Some of us still have the old Pentax 20-35 F4 designed as a compact wide zoom for film cameras. It had a very limited range for APS-C, but still covered useful focal lengths, was wonderfully compact, and produced marvellous images on the early generation of DSLRs like the 6MP DS. I suspect that may have provided some inspiration for this lens.
I've been with Pentax since buying an MX in 1982, but multiple lens failures have finally persuaded me to move away. The K5 is a fantastic camera - as are the KX, K10 and istDS I owned. But my DA*16-50 was repaired twice, and then literally fell apart, now irreparable. My DA*50-135, while first rate optically, has an SDM so stiff it takes 10 minutes to get going, and will surely fail one day. My little-used DA 12-24 now has a loose front barrel which affects focus, also judged to be irreparable. QC on primes seems good, but on premium zooms, it is unacceptably bad.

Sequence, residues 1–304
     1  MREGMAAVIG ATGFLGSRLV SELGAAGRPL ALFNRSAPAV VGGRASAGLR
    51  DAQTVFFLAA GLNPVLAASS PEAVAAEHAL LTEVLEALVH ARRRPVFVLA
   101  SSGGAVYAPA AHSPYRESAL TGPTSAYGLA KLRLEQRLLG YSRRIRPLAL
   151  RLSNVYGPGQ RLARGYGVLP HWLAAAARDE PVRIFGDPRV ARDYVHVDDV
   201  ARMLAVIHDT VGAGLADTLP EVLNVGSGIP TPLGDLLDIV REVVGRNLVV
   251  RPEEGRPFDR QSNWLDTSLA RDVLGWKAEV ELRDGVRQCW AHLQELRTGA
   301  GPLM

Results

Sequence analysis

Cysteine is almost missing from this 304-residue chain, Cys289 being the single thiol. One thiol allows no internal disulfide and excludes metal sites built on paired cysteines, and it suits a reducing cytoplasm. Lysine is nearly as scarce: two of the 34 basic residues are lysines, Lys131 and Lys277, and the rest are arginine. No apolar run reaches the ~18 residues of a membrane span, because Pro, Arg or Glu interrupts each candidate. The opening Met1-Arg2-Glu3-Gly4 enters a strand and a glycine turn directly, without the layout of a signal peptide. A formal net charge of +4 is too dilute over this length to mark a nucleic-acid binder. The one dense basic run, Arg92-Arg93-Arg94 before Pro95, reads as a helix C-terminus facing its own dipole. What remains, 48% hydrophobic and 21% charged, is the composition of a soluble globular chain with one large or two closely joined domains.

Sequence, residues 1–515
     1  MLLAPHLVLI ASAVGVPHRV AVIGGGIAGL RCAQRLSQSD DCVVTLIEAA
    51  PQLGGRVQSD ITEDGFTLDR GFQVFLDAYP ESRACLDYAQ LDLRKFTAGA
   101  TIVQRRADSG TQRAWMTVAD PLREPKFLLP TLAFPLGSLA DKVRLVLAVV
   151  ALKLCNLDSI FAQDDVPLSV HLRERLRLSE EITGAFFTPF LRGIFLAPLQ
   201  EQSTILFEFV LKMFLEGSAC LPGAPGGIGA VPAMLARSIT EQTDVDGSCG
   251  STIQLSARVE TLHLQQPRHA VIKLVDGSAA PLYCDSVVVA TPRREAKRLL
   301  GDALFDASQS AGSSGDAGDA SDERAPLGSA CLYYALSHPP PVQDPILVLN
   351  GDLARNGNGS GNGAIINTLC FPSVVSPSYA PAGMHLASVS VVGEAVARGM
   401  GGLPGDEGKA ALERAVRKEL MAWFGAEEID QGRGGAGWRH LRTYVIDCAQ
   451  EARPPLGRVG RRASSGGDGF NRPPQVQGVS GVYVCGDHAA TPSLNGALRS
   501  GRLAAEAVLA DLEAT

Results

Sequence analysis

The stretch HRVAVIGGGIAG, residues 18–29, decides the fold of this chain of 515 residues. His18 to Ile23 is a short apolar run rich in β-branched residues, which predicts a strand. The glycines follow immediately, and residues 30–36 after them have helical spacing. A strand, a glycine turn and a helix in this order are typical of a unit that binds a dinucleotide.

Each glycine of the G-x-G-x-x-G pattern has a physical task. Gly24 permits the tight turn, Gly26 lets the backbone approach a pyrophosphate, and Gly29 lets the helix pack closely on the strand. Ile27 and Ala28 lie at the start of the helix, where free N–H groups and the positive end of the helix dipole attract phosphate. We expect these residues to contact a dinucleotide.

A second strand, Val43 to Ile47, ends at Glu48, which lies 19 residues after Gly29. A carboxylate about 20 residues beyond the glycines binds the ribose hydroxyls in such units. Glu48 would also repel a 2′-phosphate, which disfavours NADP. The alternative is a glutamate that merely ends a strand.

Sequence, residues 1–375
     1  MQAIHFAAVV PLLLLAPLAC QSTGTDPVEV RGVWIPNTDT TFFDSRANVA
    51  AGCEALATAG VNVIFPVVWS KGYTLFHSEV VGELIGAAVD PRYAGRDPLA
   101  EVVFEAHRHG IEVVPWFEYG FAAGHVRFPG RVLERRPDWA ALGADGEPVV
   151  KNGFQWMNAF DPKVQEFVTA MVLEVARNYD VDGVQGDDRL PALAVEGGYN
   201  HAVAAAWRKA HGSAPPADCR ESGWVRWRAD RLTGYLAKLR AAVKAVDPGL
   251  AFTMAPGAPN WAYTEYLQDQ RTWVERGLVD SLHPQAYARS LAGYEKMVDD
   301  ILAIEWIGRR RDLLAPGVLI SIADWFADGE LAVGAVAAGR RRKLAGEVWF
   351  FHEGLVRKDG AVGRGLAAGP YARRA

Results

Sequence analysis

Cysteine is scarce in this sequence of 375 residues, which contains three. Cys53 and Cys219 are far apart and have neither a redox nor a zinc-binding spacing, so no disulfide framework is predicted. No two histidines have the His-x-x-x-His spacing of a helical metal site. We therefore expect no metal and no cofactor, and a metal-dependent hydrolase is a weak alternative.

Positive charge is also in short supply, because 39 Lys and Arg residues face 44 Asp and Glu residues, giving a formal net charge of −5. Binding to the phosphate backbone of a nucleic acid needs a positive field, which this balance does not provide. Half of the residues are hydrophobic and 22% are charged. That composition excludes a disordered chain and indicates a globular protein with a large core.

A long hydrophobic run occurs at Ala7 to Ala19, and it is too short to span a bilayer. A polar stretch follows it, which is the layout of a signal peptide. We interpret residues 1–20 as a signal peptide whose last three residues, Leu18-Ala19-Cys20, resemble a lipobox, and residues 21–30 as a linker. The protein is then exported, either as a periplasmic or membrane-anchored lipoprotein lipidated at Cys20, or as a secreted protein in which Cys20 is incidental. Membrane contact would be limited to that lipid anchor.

So many seem to be missing the point about this camera. It is Panasonic's response to the demands of serious videographers, who proved to be a far bigger market for the GH2 than the company expected. It had to be bigger, to be more rugged, and to offer better handling and controls for filming. That it can also be a good weather-sealed stills camera is a bonus. The multi-aspect sensor is less important for videographers because video is using only a small proportion of the pixels anyway. And 16:9 is classically used for video. 4:3 is a classic stills aspect ratio, although I know some stills shooters like a wider frame.
If you want all the benefits of a really small stills system, 43 is still good - just go for OMD, G5 or one of the smaller GFs or Pens.